Texas Representative Joe Moody introduced a bill yesterday morning calling for the decriminalization of “marihuana” possession. The proposed bill would also create “an exception to prosecution for possession of associated drug paraphernalia.”
Under HB 334, possession of over one ounce of marijuana would still be punishable with a misdemeanor, while five pounds or more would still garner a felony charge.
Should the bill pass, police would cite the person caught in Texas with under one ounce of cannabis with a civil penalty of up to $250. It is important to note that these civil penalties for marijuana possession cannot be considered a “conviction” on someone’s criminal record.
The court can waive the civil penalty in favor of issuing up to ten hours of community service or admittance into a substance abuse education program at the judge’s discretion.
If someone is issued three separate civil offenses for marijuana possession, the fourth instance would make the accused eligible for a Class C misdemeanor charge rather than a fine.
Rep. Joe Moody (D-El Paso) has a long history of attempting to usher in marijuana reform in Texas, having submitted a similar decriminalization bill earlier this year as well as a bill aiming to regulate industrial hemp licenses.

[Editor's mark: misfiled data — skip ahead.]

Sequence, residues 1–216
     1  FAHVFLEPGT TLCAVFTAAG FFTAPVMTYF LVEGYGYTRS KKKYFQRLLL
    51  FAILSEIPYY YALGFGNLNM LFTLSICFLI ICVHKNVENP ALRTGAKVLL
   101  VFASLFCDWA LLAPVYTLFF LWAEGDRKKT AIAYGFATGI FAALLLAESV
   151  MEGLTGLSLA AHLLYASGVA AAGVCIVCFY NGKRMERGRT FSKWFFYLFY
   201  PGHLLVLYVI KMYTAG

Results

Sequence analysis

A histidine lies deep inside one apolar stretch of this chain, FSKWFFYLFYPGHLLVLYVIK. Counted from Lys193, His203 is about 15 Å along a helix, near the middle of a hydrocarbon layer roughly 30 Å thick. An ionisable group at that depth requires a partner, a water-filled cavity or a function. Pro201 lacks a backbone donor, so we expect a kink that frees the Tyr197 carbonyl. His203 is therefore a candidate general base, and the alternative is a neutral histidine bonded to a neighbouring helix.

While his state tends to be on the tail end of progress when it comes to ending the War on Drugs, Joe Moody offers a bastion of hope for the future of reform in the Lonestar State. In an article Moody penned for the El Paso Times earlier this year, he said the following about decriminalization:
…it’s a better way to deal with this issue. Right now, Texas is spending $734 million every year on enforcement, not to mention the time and attention of police, prosecutors, and courts that could all be better spent dealing with other issues.
On top of that, the current punishment doesn’t fit the crime. Arrestees — mostly young people — are being saddled with permanent criminal records that can make them almost unemployable later.
They also face driver’s license suspensions, housing and student financial aid denials, and immigration consequences over this pettiest of petty “crimes.”
Photo courtesy of Allie Beckett